Posts from the “Animation” Category

Medium in Movies: Alike, Paperman, Forrest Gump


Story is about father discovers his love for his son. Father’s love for his son is demonstrated in the beginning by his color recovered by hugs with his son after work. The son learning writing is the medium on which the diminishment and recovery of love play. Learning writing comes from a common sense of school. Engagement of audience is enhanced by eye touches of father and son, and father’s poses at the end.

It’s very smart that the movie takes advantage of the power of poses to intuitively connect and engage the audience. If the son is able to draw for learning writing at the end, instead of the father do the poses of playing violin, audience would feel less engaged and fulfilled.


Paper is the medium for starting the story. It comes from the guy holding the paper in the begging.

Forrest Gump

Feather has been throughout the story as the medium for untold purpose – it comes from heaven and it follows common sense.


Keep Moving: Storyboard to Animatic

Hit the first issue developing the film: reconcile critics of the storyboard. Exciting!

Problem: my friend, Henry, a professional animator, pointed out that the storyboard is wrong in a lot ways, which my client and I weren’t aware of. Specifically, the order of which the characters appear is wrong – they should all appear in the first place, and go through the entire storyboard. Whereas in the current storyboard, the characters appear at different times.

Discussion: Henry’s criticism makes sense to me, but I don’t understand why all characters should appear in the first place and go through the entire storyboard. For the story we’re developing, is Henry’s opinion better than what we have now?

Solution: answer the following questions:

  • Why should all characters appear in the first place for all types of story?
  • If yes, figure out what’s wrong in the current storyboard, and adjust the storyboard for all characters to appear in the first place
  • If no, stick with the current storyboard, then keep moving to animatic by researching art direction

Edited Solution: it’s reconciled by adding voice on each scene to convey the key message. In the current storyboard, the main characters indeed go across the entire storyboard, but they don’t look obvious to the audience without knowing the key message. Because key message help the audience understand which are the main characters, and which are characters for assisting the story. Example of multi-characters in one story with narratives: It’s So Brill by Animade [1].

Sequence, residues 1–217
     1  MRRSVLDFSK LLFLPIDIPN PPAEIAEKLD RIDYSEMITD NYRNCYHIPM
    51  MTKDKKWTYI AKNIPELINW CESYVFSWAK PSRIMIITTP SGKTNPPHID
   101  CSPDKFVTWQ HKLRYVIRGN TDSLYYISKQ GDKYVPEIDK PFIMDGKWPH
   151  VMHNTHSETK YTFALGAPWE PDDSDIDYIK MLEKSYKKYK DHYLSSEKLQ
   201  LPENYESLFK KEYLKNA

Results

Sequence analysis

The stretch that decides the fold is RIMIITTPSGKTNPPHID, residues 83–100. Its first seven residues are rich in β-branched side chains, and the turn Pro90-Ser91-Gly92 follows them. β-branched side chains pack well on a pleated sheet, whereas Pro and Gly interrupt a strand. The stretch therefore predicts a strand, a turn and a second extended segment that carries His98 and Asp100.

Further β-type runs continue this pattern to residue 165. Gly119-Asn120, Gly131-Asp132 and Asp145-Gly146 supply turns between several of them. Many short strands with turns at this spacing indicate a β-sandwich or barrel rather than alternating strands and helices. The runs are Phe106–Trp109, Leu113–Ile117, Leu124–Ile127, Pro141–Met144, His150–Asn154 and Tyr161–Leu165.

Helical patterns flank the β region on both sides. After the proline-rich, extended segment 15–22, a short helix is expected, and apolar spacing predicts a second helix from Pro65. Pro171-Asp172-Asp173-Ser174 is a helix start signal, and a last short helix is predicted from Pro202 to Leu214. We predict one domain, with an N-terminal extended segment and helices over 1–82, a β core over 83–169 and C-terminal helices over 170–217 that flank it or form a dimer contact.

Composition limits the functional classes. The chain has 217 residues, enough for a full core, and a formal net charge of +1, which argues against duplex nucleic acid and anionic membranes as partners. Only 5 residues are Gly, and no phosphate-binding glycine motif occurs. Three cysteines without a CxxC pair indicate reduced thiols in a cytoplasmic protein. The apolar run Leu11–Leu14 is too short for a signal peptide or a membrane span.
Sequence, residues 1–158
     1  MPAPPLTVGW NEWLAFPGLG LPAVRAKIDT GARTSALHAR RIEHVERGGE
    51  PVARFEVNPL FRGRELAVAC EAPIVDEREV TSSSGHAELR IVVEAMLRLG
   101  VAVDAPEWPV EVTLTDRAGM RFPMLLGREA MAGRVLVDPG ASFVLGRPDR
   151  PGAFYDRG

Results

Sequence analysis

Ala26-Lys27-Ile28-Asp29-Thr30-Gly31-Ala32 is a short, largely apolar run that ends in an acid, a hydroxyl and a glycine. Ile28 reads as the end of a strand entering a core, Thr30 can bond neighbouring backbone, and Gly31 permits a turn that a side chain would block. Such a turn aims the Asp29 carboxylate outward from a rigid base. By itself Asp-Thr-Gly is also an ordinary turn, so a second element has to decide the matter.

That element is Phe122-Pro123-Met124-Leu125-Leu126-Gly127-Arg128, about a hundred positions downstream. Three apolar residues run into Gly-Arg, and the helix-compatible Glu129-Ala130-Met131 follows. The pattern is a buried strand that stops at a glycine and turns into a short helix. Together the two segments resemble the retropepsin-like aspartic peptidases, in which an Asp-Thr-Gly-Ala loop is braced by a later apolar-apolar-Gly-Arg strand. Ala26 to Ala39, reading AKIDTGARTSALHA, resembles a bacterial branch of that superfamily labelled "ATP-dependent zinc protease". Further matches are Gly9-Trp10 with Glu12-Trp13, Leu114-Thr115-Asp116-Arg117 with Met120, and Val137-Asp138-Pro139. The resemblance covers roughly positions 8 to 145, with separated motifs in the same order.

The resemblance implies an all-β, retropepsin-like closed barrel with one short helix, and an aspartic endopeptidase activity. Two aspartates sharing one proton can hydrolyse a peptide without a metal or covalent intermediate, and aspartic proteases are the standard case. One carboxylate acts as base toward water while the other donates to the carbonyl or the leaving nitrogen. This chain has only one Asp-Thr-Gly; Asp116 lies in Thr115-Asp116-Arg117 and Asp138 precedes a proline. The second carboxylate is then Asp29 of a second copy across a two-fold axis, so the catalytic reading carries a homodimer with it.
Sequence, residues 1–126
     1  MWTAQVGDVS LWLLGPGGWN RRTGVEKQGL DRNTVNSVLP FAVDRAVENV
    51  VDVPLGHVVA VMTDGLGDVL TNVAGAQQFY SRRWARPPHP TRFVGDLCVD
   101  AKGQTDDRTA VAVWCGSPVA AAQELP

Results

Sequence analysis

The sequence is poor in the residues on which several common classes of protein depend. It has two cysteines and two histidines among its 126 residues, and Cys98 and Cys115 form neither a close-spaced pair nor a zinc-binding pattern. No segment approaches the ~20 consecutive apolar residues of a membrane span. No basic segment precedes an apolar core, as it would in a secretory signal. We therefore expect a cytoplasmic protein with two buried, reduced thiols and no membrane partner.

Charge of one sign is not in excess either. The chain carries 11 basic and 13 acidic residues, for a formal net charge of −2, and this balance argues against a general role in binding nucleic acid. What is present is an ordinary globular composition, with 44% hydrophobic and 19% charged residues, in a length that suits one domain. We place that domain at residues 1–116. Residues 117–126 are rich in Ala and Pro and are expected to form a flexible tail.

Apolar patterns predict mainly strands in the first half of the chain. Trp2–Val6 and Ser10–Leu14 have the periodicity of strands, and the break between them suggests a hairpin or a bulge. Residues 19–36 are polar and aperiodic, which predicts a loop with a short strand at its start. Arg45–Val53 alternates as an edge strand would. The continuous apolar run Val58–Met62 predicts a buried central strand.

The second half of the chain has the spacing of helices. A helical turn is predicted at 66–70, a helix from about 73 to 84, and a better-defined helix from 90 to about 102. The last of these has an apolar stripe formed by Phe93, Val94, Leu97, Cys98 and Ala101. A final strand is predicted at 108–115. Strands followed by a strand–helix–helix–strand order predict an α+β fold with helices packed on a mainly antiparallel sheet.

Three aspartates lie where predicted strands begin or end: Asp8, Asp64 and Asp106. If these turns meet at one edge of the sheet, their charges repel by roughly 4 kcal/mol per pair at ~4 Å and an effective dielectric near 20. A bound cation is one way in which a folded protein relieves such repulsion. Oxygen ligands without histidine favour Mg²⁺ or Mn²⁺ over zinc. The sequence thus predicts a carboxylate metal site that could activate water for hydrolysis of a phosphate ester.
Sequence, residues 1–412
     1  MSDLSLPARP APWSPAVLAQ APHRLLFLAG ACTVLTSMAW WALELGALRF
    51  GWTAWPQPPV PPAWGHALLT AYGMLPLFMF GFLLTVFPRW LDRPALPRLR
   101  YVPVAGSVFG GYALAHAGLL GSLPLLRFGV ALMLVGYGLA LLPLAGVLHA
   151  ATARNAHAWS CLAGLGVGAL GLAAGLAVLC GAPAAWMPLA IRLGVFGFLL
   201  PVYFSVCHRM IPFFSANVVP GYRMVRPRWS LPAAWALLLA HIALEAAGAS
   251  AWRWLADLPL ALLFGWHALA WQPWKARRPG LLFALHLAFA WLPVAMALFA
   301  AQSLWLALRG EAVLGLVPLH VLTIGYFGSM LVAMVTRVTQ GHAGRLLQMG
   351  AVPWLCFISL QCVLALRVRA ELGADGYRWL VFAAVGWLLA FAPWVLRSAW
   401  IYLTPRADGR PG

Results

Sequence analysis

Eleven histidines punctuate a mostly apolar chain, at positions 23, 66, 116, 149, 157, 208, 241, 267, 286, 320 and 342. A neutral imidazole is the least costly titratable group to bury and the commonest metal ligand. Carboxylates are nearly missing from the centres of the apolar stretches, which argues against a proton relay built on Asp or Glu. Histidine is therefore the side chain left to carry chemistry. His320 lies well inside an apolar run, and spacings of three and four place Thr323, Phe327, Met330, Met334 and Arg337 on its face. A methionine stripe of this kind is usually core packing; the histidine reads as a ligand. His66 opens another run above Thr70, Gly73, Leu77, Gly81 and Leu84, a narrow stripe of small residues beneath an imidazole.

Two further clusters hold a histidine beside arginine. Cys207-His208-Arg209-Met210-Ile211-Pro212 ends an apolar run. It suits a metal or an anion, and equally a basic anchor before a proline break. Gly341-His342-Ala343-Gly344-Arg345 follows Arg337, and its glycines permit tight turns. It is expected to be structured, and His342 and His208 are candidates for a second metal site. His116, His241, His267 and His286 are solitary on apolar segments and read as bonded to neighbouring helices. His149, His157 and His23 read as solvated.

Thought: it feels challenged and frustrated and lost when Henry told me that the story is wrong. Because my client and me worked deliberately on every bit of the development of story and storyboard for a month. However, that’s good challenge. The point is to stay calm to figure out the real issue. Henry essentially got lost of the story in front of all the characters, so we need to convey the story to the audience. That way, the audience understand which are the main characters, and which are for assisting the story. The solution is to use voice-over to narrate the key message of each scene, because we do have concrete key messages to back the story.


[1] London animation studio | Animade. It’s So Brill.

The Beauty of Developing Animated Film with Client Not Knowing Animation Techniques

Everyone has the sense of aesthetics, which is enough to guide animated films. That’s beautiful.

Focusing on the technical side of developing animated films when working with the first client, it could easily forget my belief of founding Dopamine Animatic: animation could be purely guided by aesthetics, which exists in everyone. Dopamine Animatic is here to address technical difficulties, and facilitate the aesthetic in client’s mind. Here comes the question: how to avoid forgetting to ask client about aesthetic opinions, such as art directions of character style, color palette, dimension, and music?

In Dopamine Animatic, we work with client to develop the story, during which both the client and Dopamine Animatic obtain a deeper understanding of the story, as well as facilitate the sense of aesthetics for the film. It was not until a quiet evening that the client’s imagination of the art direction of the film as we discussed in the previous meeting came to my mind, and I found it is exactly the goal of Dopamine Animatic – take client’s sense of aesthetics to guide the art style of the film.